Martin Flanagan: Steel wheels start rolling again

The jobless rate in Scotland is down 4 per cent. Picture: PA Wire
The jobless rate in Scotland is down 4 per cent. Picture: PA Wire
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Just over two years ago the UK’s steel industry shed 4,400 workers – about 15 per cent of the total – as it roasted in the furnace of cheap imports, high electricity costs, declining demand and environmental tariffs.

Substantial and disruptive sector consolidation was the result, including at the Liberty Group-owned Dalzell and Clydebridge plants in Scotland.

It makes all the more remarkable the £126 million turnaround at British Steel, the former Long Products Europe business of Tata Steel now owned by Greybull Capital.

• READ MORE: 4,400 jobs saved as Tata Steel agrees sale of Scunthorpe plant

In its first year as an independent business again, primarily Scunthorpe-based British Steel – the old name was revived after 17 years – has made an underlying profit of £47m to replace a loss of £79m in the previous year.

The turnaround has also been achieved in the teeth of a 44 per cent increase in raw material costs following sterling’s weakness since the Brexit vote.

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Cost-saving initiatives are at the heart of the bounceback, including British Steel employees agreeing a 3 per cent cut in salary that has now come to an end, and with staff now rewarded via a collective 5 per cent stake in the business.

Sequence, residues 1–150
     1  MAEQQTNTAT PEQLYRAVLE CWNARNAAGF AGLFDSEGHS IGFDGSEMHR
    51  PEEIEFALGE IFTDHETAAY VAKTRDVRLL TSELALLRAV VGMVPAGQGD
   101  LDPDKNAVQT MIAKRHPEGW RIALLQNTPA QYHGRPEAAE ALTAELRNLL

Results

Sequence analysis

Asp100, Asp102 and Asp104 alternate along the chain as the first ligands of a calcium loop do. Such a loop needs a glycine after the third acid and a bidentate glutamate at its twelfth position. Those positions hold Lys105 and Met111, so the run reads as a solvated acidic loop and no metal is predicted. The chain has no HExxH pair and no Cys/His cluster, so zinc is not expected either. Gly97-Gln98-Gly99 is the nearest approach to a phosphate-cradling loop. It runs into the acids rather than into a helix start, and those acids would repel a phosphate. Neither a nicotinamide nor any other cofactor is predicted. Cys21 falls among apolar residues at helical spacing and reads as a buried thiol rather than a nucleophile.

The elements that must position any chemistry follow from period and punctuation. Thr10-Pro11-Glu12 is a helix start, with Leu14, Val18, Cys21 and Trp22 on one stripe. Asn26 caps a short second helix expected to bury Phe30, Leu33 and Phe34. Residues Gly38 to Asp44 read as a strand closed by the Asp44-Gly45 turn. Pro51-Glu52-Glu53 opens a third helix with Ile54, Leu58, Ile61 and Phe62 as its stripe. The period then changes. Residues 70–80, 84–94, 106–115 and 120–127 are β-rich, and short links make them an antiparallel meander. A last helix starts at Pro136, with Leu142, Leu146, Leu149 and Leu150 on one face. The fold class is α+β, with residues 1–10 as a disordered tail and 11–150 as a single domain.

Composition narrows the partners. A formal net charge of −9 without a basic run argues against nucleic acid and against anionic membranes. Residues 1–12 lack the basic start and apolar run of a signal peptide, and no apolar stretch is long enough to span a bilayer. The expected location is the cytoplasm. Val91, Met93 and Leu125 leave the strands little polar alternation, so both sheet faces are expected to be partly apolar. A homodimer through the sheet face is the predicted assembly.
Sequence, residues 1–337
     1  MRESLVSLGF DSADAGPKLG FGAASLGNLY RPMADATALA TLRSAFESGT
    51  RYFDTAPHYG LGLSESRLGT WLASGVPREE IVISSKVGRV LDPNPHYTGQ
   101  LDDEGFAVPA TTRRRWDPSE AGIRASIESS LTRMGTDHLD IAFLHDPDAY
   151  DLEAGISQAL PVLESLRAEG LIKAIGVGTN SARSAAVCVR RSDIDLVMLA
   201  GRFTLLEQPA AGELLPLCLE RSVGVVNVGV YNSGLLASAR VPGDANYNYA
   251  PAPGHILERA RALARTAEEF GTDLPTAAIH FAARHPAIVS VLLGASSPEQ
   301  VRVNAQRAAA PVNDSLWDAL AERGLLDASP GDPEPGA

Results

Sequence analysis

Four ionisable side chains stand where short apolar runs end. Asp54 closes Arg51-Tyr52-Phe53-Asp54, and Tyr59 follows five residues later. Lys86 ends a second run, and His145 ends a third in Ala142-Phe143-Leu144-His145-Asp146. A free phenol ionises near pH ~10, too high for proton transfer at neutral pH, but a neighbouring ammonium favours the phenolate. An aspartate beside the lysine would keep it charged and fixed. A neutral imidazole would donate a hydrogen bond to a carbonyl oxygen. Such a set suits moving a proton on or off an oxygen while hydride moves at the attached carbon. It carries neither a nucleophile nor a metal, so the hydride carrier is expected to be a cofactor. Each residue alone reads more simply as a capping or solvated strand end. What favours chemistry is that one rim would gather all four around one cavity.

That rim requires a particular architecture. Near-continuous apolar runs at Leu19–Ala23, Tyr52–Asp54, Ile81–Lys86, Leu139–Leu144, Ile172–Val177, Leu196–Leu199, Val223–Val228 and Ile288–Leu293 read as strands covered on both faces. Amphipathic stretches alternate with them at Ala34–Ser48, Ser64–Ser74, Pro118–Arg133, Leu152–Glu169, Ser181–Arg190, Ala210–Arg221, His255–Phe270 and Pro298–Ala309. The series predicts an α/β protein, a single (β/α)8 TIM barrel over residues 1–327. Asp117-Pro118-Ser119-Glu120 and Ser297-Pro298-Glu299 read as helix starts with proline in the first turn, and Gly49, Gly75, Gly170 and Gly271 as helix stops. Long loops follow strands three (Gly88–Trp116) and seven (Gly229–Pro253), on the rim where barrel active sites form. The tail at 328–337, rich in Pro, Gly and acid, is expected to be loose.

But the new owners have done better as well in terms of product development and market growth, the new agility maybe casting an unflattering light on Tata’s stewardship when tougher times descended. Alternatively, desperate employees on the brink of a plant shutdown may have been more prepared to accept new management’s strong medicine than any urgings of Tata.

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Five hundred new emplyees have joined the business in the past year, and £40m has been pledged by Greybull Capital for investment in 2017-18. The business seems to have rediscovered its steel sea legs.

Catching the bus

Angela Merkel may assert that Europe can no longer depend on America in the unsettling megaphone age of Trump, but some UK companies still can.

Transport major FirstGroup’s US business has come to its rescue as the weakness of sterling that has pushed up fuel costs for its UK rail and bus divisions has had the opposite effect on its considerable stateside earnings, typified by its First Student yellow school bus arm. The US has kept FirstGroup’s show on the road.

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